This year’s Social and Behavioral Sciences Outstanding Teaching Award goes to Mwangi wa Gĩthĩnji, assistant professor of economics, and Brian McDermott, lecturer and Online Program Co-Director in the Journalism Department.
These inspirational teachers have been heralded for their innovative pedagogical approaches, exceptional performance, and written comments, including rousing endorsements by students and colleagues. Both have made a positive impact on the academic growth of students, as well as on their sense of living in the world.
Wa Gĩthĩnji, who joined the economics faculty in 2006, is a well-known authority on African development, which informs all of his courses. His teaching is anchored in a clear philosophical approach that he uses to construct his classes. Starting with the assumption that students are not empty pots waiting to be filled, he brings to class knowledge and experiences that are useful and can be used to integrate new knowledge. Wa Gĩthĩnji tries to communicate three basic themes: the ability to reason; specific subject knowledge; and the ability to participate fully as a citizen in a democratic society. His love of teaching is based on his own desire to learn and interest in passing this feeling of fulfillment on to students.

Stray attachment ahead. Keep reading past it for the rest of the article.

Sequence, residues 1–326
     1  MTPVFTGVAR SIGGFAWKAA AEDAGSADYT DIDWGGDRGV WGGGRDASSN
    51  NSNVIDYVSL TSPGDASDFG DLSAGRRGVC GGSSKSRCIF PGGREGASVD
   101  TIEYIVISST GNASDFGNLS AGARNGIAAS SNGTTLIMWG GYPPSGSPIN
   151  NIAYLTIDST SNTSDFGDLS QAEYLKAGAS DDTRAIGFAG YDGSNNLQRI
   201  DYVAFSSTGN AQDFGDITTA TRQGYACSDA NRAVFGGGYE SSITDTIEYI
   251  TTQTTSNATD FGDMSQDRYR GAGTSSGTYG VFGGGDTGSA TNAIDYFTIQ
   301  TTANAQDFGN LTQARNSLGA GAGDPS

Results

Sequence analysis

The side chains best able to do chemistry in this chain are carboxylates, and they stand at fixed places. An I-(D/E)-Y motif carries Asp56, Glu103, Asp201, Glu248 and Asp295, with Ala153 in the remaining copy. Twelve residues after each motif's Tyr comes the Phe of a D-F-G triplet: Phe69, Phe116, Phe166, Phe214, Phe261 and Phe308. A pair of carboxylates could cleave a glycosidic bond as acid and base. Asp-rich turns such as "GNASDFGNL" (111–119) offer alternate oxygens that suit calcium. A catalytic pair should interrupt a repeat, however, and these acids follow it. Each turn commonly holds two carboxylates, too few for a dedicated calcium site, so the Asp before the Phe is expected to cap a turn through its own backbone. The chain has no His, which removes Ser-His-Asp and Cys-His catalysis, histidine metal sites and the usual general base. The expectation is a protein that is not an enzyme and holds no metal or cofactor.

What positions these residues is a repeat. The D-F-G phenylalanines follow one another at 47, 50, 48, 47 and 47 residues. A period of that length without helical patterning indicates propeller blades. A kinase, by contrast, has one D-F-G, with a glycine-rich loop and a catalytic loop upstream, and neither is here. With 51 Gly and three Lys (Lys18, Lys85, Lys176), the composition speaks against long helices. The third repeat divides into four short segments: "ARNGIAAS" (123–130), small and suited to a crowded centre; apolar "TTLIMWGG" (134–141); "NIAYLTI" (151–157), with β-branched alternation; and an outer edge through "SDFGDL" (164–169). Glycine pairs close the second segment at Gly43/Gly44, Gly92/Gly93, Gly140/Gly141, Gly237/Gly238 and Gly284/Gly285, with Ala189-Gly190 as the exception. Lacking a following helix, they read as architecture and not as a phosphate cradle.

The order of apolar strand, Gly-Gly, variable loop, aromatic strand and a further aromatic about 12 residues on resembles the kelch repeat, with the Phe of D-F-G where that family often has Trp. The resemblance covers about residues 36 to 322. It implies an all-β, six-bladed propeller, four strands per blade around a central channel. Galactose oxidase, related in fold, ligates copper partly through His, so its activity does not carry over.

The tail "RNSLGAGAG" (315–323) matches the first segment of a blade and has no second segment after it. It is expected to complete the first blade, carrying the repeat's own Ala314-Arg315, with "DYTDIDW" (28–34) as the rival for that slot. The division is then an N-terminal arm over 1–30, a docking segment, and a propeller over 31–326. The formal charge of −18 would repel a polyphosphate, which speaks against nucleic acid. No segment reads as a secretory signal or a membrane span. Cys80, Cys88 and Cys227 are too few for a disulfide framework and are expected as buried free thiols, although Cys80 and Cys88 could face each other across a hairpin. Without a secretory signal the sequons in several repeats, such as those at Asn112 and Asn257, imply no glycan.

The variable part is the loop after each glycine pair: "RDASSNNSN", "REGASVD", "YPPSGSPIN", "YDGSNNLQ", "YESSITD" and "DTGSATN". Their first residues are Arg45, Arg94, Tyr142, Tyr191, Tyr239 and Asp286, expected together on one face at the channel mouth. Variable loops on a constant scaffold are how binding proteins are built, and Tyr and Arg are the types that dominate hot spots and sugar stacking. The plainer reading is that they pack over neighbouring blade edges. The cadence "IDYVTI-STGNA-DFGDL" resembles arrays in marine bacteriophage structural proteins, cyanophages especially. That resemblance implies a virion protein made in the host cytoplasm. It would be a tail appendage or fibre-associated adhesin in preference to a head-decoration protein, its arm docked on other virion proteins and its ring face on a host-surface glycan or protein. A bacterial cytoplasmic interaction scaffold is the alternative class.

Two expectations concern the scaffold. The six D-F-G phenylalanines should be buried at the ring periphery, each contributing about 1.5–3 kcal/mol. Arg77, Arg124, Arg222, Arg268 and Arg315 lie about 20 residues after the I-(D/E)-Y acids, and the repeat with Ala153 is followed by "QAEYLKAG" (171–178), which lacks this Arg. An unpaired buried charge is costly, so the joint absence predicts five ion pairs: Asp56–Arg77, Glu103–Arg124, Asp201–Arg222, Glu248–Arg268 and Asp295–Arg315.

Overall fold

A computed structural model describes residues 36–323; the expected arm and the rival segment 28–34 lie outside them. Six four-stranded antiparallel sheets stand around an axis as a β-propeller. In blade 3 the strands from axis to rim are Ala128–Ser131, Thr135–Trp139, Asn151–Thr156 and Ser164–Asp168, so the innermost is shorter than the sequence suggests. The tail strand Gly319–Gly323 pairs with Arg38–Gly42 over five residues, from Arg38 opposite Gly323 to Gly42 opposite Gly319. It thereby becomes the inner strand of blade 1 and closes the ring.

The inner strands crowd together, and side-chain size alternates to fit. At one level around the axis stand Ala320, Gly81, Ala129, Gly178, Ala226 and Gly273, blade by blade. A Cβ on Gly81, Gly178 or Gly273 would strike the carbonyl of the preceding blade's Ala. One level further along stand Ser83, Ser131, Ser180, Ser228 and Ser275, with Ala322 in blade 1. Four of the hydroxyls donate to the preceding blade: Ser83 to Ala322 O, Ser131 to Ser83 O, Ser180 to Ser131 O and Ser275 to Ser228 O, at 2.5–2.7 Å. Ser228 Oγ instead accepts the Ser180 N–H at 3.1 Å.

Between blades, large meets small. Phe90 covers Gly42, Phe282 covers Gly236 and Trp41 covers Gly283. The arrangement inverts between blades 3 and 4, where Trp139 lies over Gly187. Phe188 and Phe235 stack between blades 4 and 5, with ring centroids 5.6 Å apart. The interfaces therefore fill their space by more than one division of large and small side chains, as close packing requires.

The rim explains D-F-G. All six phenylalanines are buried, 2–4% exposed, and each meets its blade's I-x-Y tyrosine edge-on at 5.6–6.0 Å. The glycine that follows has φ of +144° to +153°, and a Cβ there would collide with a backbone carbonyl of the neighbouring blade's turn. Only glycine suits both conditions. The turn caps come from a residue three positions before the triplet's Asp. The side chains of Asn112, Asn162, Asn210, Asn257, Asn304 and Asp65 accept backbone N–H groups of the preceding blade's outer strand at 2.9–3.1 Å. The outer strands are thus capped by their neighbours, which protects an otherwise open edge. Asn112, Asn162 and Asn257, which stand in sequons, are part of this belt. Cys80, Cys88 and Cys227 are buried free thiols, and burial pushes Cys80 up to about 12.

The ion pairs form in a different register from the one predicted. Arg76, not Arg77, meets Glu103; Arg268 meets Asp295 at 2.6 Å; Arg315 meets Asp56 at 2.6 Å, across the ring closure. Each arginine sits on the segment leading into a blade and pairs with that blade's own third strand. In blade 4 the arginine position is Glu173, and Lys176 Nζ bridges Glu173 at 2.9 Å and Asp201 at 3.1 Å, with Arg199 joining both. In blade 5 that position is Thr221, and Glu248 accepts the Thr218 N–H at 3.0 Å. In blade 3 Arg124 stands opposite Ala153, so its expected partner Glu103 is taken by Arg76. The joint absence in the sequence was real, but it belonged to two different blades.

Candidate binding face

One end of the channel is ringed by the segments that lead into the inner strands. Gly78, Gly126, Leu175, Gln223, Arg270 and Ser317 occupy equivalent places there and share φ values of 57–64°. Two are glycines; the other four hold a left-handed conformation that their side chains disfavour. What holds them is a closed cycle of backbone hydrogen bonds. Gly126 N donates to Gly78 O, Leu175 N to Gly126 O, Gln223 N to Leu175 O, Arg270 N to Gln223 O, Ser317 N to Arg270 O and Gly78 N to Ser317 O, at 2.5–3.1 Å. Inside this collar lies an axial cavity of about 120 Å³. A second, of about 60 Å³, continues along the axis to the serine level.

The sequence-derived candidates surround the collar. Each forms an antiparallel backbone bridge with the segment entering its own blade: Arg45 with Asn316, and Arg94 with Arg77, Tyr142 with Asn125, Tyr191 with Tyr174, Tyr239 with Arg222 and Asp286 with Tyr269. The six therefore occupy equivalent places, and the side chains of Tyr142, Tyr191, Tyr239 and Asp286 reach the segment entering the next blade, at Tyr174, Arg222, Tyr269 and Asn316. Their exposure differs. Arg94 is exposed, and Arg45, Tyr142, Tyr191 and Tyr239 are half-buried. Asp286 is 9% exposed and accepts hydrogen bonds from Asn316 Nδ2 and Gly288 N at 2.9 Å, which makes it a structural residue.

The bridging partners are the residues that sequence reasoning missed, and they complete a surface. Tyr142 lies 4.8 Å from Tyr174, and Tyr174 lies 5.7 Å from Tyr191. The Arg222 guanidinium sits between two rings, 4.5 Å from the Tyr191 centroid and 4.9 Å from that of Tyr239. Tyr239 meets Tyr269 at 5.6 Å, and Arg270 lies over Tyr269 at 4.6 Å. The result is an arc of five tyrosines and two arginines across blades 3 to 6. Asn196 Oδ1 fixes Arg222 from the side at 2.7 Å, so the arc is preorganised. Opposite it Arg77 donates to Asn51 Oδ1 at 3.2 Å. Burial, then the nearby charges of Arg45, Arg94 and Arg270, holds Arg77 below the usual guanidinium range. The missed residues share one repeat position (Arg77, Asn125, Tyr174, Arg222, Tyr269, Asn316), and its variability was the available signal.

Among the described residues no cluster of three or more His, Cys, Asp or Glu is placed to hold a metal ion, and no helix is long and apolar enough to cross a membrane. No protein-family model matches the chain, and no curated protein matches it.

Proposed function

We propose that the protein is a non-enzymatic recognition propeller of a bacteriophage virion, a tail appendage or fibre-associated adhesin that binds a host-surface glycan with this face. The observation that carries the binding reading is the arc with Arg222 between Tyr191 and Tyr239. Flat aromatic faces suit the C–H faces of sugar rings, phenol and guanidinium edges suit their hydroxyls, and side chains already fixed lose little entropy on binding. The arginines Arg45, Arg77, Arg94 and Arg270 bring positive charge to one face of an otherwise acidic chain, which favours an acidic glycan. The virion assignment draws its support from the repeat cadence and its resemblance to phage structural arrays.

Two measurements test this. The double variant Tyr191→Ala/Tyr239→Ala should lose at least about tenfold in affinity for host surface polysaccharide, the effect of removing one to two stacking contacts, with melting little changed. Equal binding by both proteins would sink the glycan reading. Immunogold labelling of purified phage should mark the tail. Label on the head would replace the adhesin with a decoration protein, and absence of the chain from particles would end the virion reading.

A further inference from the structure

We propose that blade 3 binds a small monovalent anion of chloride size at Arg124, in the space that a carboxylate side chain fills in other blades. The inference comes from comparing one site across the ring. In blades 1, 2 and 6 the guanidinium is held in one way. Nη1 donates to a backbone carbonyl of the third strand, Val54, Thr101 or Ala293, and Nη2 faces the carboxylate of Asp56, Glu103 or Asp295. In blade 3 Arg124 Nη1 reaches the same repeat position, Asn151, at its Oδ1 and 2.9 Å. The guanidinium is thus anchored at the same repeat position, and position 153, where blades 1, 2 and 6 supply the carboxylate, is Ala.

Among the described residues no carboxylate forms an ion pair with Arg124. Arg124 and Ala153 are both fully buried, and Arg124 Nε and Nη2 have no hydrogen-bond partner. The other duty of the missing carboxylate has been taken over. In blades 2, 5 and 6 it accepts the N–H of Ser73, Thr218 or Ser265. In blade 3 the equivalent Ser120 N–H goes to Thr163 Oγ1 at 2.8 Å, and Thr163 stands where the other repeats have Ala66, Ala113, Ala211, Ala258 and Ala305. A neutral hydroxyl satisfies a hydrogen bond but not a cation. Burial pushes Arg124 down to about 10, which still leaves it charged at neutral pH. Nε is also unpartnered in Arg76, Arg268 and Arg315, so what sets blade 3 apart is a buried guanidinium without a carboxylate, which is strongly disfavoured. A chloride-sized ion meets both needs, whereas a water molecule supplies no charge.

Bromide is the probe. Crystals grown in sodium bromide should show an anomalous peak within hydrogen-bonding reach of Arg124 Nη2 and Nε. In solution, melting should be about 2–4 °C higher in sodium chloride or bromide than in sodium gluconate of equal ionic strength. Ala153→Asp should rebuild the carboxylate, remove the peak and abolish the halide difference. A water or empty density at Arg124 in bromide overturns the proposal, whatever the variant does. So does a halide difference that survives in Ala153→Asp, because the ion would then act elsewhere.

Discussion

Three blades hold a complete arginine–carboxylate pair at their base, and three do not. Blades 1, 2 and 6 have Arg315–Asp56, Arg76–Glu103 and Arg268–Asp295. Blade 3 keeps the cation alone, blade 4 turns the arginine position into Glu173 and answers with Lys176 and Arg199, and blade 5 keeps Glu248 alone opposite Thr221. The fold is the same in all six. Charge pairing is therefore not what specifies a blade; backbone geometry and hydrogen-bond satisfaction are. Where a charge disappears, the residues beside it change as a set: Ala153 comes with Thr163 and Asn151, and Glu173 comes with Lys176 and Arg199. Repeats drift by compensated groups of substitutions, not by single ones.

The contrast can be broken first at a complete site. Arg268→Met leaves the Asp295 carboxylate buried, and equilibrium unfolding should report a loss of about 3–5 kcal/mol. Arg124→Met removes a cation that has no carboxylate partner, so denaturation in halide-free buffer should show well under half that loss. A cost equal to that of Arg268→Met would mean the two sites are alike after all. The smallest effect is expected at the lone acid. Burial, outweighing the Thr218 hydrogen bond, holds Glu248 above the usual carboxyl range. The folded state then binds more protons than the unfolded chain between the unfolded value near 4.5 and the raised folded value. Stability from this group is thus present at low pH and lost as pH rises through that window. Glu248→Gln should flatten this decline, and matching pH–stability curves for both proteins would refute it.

To transmit material to different types and levels of learners, wa Gĩthĩnji uses a variety of techniques, including lectures, audio-visual material, group projects, discussion and presentation, and peer review of work. To encourage a more complete relationship with students, he holds coffee hours during which conversation is driven by students and does not have to focus on classroom issues. The idea is to give students a forum in which to air concerns in a safe space.
Last fall wa Gĩthĩnji supervised seven undergraduates in a large data intensive research project on trust and inequality in African countries as part of the Economics Undergraduate Research Program. He also has supervised numerous honors theses and independent studies, and served on the Undergraduate Affairs Committee twice as internship coordinator.
On the graduate level, wa Gĩthĩnji has served on numerous dissertation committees, directed independent studies, served as mentor, and collaborated on papers with several students to help introduce them to the requirements of being a professional economist.
Wa Gĩthĩnji’s students offer extensive testimony to his teaching, his commitment to advising and the impact he has on them. Says one undergraduate, “Econometrics was one of the most important classes I have taken, and I was lucky to have had an instructor who cares as much about his students as Mwangi does….Our class was a perfect blend of serious and casual—it felt like Mwangi was conversing with us, not lecturing.”
Another adds, “His demand for quality work and expectation of greatness has stuck with me. I always admire his ability to work effectively with people of other cultures and diverse backgrounds.”